Columbians Ahead of Their Time
"The 'free market' has been completely displaced as the infallible god, has been substantially displaced as universal economic master, and increasingly ceases to be, or to be thought of as, the only acceptable way of economic life."

Adolph Augustus Berle, Jr. (1895-1971)
Faculty 1927–63

Adolph Augustus Berle, Jr., a child prodigy who became an economic theorist and policy maker, helped craft the banking and securities laws of the New Deal and shaped twentieth-century ideas about property and power. He was born in 1895 in Boston, the son of Christian Zionist Adolph Augustus Berle, and matriculated at Harvard University at the age of 14. He took his B.A. in History, M.A. in History, a law degree, and the bar exam by the age of 21. At 24, Berle attended the Paris Peace Conference as a delegate but resigned over the terms of the treaty.

Even past his adolescence, Berle continued to advise politicians with his trademark frankness and shrewd understanding of political and economic power. In 1932, Roosevelt relied on him as one of the original members of the "Brain Trust" that forged the New Deal. In the same era, Berle served Mayor Fiorello LaGuardia as City Chamberlain. During World War II, Berle served as Assistant Secretary of State for Latin Affairs; after the war, he acted as ambassador to Brazil.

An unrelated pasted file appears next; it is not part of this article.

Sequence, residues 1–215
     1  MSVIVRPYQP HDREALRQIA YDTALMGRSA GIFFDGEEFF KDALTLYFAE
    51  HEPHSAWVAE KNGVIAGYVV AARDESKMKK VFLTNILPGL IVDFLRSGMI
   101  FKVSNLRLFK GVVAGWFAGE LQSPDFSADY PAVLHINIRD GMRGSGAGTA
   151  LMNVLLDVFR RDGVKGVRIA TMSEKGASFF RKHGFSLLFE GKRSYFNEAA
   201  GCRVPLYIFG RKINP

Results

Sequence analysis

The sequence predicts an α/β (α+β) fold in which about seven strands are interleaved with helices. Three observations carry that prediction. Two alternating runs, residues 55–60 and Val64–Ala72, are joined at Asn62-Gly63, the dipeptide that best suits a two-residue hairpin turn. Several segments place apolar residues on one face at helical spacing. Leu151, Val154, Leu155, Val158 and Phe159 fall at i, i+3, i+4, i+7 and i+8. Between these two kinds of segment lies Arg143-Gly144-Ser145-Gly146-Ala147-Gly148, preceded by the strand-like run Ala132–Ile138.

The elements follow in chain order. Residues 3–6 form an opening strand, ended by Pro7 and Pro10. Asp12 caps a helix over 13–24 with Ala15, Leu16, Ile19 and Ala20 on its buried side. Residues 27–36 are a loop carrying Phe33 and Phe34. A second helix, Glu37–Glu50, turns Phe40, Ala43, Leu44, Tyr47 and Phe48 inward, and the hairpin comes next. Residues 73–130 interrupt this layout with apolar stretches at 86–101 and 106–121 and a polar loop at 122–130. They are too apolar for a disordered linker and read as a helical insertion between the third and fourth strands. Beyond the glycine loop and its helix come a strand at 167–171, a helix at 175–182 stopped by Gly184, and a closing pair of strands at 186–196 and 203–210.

Berle's career as a lawyer and political advisor was predicated on his scholarship at Columbia. In his seminal works, published while on the faculty of Columbia's law school (1927-1963), Berle identified the emerging power of corporate governors (as opposed to shareholders); he also recognized the government's responsibility for guaranteeing the fluidity and stability of the stock market. His remarkable body of work includes Modern Corporation and Private Property (1933), 20th-c. Capitalist Revolution (1954), Tides of Crisis (1957), and Power Without Property (1959). Through these books and his role as a political consigliere, Berle helped to shape the post-Depression economy from inside an office at the Columbia University law school. Jordan Schwartz, Berle's biographer, explains his significance to the economic planning of his day: "Aspiring to be the Marx of the shareholding class, a great social critic who rallied people to corporate liberalism, he sought to transform the system rather than abolish it — a task he considered as revolutionary as uprooting capitalism itself."

Law School dean on tax and corporate governance

From Columbia's Institute for Teaching and Learning.

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Columbians Ahead of Their Time

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